The main limitation of our study is the cross-sectional design, which limits causal suppositions. Further, we cannot account for endogenous SCFA production, splanchnic and liver extraction or tissue utilization in this study54,55. Secondly, measures of GLP-1 and SCFA in the postprandial state would have been valuable. However, the study’s major strength is the availability of faecal and fasting circulating SCFA in combination with metabolic markers in a relatively large cohort with a broad range of BMI and metabolic health status. This enabled us to investigate the relationship between faecal and fasting circulating SCFA concentrations with markers of lipid and energy metabolism as well as insulin sensitivity measured by the gold standard hyperinsulinemic-euglycemic clamp. For the first time, we confirmed that fasting circulating but not faecal SCFA were related to whole-body lipolysis, fasting GLP-1 and insulin sensitivity in the fasted state. Furthermore, our study calls for urgently needed mechanistic studies in humans concerning the relationship between SCFA, GLP-1 secretion and lipid metabolism.
In conclusion, our data show that circulating but not faecal SCFA are linked to circulating GLP-1 concentrations, whole-body lipolysis and peripheral insulin sensitivity in humans. Of note, this highlights that circulating SCFA are more directly linked to metabolic health parameters. Therefore, our data indicate the need to measure circulating SCFA as a biomarker/mediator of effects on host metabolism in future human prebiotic/probiotic intervention studies. This may provide interesting leads for future research, which should aim to modulate the SCFA availability in the systemic circulation and its impact on peripheral tissue function
This cross-sectional analysis included 160 Caucasian men and women aged 20–70 years with a BMI between 19.2 and 41.0 kg/m2 from the general population in the vicinity of Maastricht, The Netherlands during August 2013 and December 2016. Individuals had normoglycemia, impaired fasting glucose (IFG, ≥5.6 mmol/L) and/or impaired glucose tolerance (IGT, 2 hour plasma glucose of 7.8–11 mmol/L after 75 g oral glucose challenge) according to the diagnostic criteria of the American Diabetes Association, 201056. Eligibility of the participants was assessed via a general health questionnaire, medical history and anthropometry during an intitial screening visit. Exclusion criteria were as follows: use of antibiotics, prebiotics, or probiotics 3 months before the study, diagnosis of T2DM, gastrointestinal or cardiovascular diseases, abdominal surgery, participants with life expectancy shorter than 5 years and participants following a hypocaloric diet. Participants did not use β-blockers, lipid- or glucose-lowering drugs, anti-oxidants, or chronic corticosteroids. All protocols were reviewed and approved by the local Medical Ethical Committee (MUMC+) and conducted in accordance with the Declaration of Helsinki (revised version, October 2008, Seoul, South Korea). Written informed consent was obtained from all participants.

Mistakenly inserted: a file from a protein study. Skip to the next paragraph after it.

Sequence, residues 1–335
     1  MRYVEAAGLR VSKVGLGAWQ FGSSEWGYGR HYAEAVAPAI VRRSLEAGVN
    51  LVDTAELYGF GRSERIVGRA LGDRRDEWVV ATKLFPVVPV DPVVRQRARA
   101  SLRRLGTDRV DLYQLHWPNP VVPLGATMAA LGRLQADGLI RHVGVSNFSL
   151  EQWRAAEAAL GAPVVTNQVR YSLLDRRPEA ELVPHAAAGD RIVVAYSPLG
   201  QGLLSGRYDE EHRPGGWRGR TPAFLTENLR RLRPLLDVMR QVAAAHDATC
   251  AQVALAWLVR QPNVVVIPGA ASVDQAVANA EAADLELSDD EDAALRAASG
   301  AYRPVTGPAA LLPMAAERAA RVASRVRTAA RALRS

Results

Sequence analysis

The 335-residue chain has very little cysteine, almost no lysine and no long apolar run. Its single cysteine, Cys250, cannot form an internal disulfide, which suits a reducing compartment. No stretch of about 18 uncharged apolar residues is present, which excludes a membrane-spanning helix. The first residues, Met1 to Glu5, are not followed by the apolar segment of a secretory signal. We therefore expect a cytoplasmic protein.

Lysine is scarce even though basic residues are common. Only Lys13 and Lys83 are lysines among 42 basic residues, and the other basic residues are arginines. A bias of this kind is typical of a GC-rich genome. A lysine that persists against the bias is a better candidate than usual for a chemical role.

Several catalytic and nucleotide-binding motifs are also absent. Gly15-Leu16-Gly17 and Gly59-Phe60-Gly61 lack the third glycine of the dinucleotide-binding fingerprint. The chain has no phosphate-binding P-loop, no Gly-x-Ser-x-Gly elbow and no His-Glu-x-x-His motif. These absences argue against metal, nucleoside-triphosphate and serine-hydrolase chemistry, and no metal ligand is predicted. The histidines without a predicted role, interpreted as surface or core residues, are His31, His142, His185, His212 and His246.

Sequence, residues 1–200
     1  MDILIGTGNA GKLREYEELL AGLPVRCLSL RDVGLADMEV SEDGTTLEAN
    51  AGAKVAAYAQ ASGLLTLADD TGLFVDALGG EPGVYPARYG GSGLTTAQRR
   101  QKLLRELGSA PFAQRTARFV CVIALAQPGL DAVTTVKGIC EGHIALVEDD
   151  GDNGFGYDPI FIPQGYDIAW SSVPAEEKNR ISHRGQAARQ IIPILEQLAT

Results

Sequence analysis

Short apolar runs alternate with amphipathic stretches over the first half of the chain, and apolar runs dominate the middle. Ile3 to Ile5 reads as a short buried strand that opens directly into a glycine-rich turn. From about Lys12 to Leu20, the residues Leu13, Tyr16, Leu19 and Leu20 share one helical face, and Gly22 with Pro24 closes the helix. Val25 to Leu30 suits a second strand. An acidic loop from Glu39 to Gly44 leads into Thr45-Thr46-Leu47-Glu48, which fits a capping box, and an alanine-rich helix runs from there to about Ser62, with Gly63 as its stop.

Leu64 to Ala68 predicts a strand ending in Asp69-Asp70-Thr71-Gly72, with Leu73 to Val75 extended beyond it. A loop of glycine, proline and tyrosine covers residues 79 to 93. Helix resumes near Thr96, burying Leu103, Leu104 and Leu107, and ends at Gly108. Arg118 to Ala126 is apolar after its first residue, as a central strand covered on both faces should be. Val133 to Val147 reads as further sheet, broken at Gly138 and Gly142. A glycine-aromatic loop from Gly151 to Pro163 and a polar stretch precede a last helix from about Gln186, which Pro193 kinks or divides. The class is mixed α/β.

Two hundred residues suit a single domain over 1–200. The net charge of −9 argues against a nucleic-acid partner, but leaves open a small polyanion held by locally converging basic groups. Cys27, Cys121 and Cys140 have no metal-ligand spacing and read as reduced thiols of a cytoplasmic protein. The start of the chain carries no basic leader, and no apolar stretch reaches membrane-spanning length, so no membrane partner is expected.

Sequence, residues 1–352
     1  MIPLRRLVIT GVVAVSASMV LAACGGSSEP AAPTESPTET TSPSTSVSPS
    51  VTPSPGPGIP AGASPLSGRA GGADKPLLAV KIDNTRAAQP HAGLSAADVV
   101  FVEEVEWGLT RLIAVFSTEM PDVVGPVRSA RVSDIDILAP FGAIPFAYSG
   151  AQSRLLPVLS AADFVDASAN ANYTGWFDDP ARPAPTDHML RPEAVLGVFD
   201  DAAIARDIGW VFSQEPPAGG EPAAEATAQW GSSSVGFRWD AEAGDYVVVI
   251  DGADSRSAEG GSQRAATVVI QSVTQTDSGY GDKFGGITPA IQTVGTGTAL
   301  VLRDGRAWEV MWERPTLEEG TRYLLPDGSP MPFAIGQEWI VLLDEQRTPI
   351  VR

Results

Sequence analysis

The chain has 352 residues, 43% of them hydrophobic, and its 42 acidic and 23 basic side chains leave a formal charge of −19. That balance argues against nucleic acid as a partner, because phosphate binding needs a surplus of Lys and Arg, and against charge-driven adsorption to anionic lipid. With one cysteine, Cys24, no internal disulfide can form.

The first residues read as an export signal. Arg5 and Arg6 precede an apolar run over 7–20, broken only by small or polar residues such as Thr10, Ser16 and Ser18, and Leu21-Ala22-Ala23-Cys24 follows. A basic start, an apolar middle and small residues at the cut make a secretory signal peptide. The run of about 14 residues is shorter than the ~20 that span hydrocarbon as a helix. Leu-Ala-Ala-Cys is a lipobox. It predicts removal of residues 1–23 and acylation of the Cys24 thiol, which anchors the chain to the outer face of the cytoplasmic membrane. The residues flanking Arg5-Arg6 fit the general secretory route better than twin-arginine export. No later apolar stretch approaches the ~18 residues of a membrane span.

This cross-sectional analysis included metabolic parameters as well as faecal and fasting circulating SCFA concentrations of previously performed intervention studies12,13,57,58,59. In the present study, we collated and analyzed study data at baseline and thus prior to the respective interventions. In all studies, sample collection was performed after an overnight fast, and measurements were conducted according to the same standard operating procedures. Two days prior to the baseline investigation day, participants were asked to refrain from intense physical activity and alcohol consumption, and to collect a faecal sample. In the evening before the investigation day, the participants consumed a standardized low-fiber meal.
Used data sets
The data set included baseline data from the following intervention human in vivo studies. These include an intervention study in prediabetic, overweight-obese individuals on the effect of antibiotics on insulin sensitivity (Clinical trial No. NCT02241421) (3), an intervention study in prediabetic, overweight-obese individuals on the effect of dietary fiber (galacto-oligosaccharides) on insulin sensitivity (Clinical trial No. NCT02271776) (4), an intervention study in normoglycemic, normal to overweight individuals on the effect of dietary fibers on gastrointestinal transit (Clinical trial No. NCT02491125) (5), and lastly two acute studies investigating the effect of different mixtures of SCFA in normoglycemic, overweight to obese individuals on human substrate and energy metabolism (Clinical trial No. NCT01826162 (6), Clinical trial No. NCT01983046 (7)).
Baseline investigation day